A low-cost chip that enables batteries in sensors to last longer, in some cases by over ten times, has been developed by engineers from the University of Bristol.
Dr Bernard Stark and colleagues in the Bristol Electrical Energy Management Research Group based in the Merchant Venturers School of Engineering, have developed a voltage detector chip that requires only a few trillionths of a watt (picowatts) to activate other circuits. The research group are providing samples of their chip to companies to use, which will enable engineers to design sensors that continuously listen, without using power from a battery or mains.
The result is smaller batteries, or a battery life that is extended, in some cases by years. The voltage detector can also eliminate standby power, for example the team have demonstrated a TV with no continuous draw of power during standby, by using a voltage detector that is powered up at a distance, directly from the infrared signal of a standard TV controller.
The patent pending UB20M voltage detector, or keep-alive device, is a chip that, when combined with a suitable sensor, eliminates standby power by enabling zero-power sensing and listening. It allows circuit designers to develop circuits that perform continuous monitoring without using battery power, and to implement wireless wake-up with zero receiver power. The chip is a sensor-driven circuit that requires no power supply, instead it uses a fraction of the power contained in the output signal of the sensor.
Dr Stark, Reader in Electrical & Electronic Engineering in the Department of Electrical & Electronic Engineering, said: "The ultra-low power UB20M voltage detector provides sensing that is continuous and free. This is because it is able to respond to minute quantities of power from unpowered sensors. No battery or other power is needed for the device to stay alive and listening, and battery maintenance is therefore reduced or not needed. We are now actively seeking commercial partners to use the voltage detector chip in their product, and would welcome companies to get in touch."
An electronic sensing device uses power to both listen and react. In sensors such as a security alarms, activity monitors, and other Internet of Things devices, the energy to keep the device alive and listening, can far outweigh the energy used to react. In these cases, it is especially important to eliminate listening power in order to increase battery life and make a system that is less environmentally wasteful.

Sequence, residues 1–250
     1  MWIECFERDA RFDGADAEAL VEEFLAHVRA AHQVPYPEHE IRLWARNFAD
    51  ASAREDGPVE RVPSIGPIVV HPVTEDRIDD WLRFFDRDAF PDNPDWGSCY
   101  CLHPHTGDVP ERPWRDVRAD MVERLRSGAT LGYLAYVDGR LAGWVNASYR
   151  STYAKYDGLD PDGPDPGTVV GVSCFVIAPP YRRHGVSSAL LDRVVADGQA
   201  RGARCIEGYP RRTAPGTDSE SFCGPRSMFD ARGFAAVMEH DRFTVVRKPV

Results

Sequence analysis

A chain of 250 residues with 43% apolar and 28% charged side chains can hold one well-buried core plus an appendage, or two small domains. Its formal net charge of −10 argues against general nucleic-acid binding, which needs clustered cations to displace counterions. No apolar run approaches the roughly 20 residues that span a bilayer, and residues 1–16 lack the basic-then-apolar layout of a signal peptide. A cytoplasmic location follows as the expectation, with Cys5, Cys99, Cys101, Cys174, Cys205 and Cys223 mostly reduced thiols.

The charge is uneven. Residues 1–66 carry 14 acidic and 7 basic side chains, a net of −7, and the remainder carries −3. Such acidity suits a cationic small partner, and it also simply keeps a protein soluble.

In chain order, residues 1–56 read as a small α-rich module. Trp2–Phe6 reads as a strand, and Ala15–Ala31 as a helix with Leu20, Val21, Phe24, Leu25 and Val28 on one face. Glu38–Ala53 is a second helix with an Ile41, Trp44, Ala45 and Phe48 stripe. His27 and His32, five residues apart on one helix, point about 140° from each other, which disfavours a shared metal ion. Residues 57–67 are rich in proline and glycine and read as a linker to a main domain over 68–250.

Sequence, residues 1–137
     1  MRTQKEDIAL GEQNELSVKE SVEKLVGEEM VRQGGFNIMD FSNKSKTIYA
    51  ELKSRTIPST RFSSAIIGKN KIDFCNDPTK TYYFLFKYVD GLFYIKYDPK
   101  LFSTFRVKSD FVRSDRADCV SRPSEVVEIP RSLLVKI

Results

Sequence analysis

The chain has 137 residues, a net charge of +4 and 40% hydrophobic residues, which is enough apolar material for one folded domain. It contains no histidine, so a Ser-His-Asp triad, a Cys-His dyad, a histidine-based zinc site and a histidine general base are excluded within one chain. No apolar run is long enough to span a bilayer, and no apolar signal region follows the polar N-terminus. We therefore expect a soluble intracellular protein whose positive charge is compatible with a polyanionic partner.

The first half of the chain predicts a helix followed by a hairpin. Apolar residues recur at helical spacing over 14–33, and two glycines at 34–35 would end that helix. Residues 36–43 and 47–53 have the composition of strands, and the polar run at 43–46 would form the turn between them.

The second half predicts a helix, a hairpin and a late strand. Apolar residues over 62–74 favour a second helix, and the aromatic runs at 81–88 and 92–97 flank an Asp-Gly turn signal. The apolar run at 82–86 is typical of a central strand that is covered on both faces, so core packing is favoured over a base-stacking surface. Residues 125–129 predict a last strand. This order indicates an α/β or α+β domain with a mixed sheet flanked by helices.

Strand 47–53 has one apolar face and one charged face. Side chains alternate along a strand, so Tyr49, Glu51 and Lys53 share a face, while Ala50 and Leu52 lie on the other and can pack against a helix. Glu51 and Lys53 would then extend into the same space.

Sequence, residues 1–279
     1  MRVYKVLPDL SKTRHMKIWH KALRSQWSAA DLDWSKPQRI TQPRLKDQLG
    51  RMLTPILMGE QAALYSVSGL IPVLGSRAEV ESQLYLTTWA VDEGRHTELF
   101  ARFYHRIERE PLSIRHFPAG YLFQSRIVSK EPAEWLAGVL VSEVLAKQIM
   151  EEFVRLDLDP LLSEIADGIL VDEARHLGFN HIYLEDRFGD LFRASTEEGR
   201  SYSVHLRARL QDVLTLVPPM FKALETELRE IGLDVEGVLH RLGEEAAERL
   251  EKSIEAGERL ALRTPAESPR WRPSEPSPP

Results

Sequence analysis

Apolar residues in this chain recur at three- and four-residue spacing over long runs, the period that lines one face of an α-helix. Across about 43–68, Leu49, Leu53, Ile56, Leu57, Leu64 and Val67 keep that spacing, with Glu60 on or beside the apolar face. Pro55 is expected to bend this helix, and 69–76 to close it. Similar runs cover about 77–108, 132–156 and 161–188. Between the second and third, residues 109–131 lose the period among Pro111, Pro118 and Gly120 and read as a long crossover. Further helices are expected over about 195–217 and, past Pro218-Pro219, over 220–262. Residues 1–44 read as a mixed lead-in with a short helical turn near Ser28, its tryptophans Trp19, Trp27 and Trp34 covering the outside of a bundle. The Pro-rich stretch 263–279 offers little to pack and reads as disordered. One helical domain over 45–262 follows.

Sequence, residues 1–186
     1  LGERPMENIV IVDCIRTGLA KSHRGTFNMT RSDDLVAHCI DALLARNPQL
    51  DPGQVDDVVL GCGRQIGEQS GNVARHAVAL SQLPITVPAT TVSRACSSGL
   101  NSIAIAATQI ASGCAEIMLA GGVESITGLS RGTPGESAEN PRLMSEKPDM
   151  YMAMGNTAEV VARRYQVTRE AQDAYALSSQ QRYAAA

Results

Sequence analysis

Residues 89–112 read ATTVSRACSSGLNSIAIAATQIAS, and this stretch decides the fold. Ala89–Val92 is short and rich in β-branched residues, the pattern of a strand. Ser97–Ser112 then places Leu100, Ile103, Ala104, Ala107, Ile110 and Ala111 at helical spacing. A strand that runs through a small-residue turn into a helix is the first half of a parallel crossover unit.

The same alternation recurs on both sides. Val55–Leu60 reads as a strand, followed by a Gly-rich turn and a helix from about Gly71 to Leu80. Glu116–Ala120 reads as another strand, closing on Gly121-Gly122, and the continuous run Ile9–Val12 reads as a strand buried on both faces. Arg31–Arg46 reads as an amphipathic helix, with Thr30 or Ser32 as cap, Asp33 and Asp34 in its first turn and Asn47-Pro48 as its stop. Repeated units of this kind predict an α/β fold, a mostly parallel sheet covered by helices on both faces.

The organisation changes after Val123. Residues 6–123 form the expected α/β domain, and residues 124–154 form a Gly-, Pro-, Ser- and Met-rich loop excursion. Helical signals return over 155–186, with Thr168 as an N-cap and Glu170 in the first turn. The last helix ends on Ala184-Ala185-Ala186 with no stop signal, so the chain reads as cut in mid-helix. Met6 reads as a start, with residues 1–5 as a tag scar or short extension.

In response to this challenge, the research team, with Government support, have developed a method of eliminating the power drain used to listen, by using minute, insignificant quantities of energy, from the event that the device is waiting for, such as movement of an asset tracker, or infrared light from a TV controller. This energy switches on mains- or battery-powered devices, exactly when needed. The voltage detector chip is also small enough to fit into many autonomous electronic devices.
The voltage detector chip uses over a thousand times less energy than existing detectors to create a turn-on signal, merely five picojoules of energy and only around half a volt. Many sensors can provide this without requiring a power supply, therefore making listening effectively free.
There are a number of areas, where it would be beneficial to reduce the listening power to zero, including:
- Mains-powered equipment, where savings for consumers and the environment are made;
- Battery-driven sensors and monitoring systems, where the long-term reliability and battery life are increased, and size decreased;
- Remotely-powered sensors, as these can be made smaller, by reducing battery capacity. It also reduces the power needed to remotely control these devices;
- The sensitivity of the voltage detector chip also allows the elimination of mechanical switches;
- It can also be used to generate sensing data only when useful data is available, which saves processing power.
More information: For more information, see www.bristol.ac.uk/engineering/ … /zero-standby-power/
Provided by University of Bristol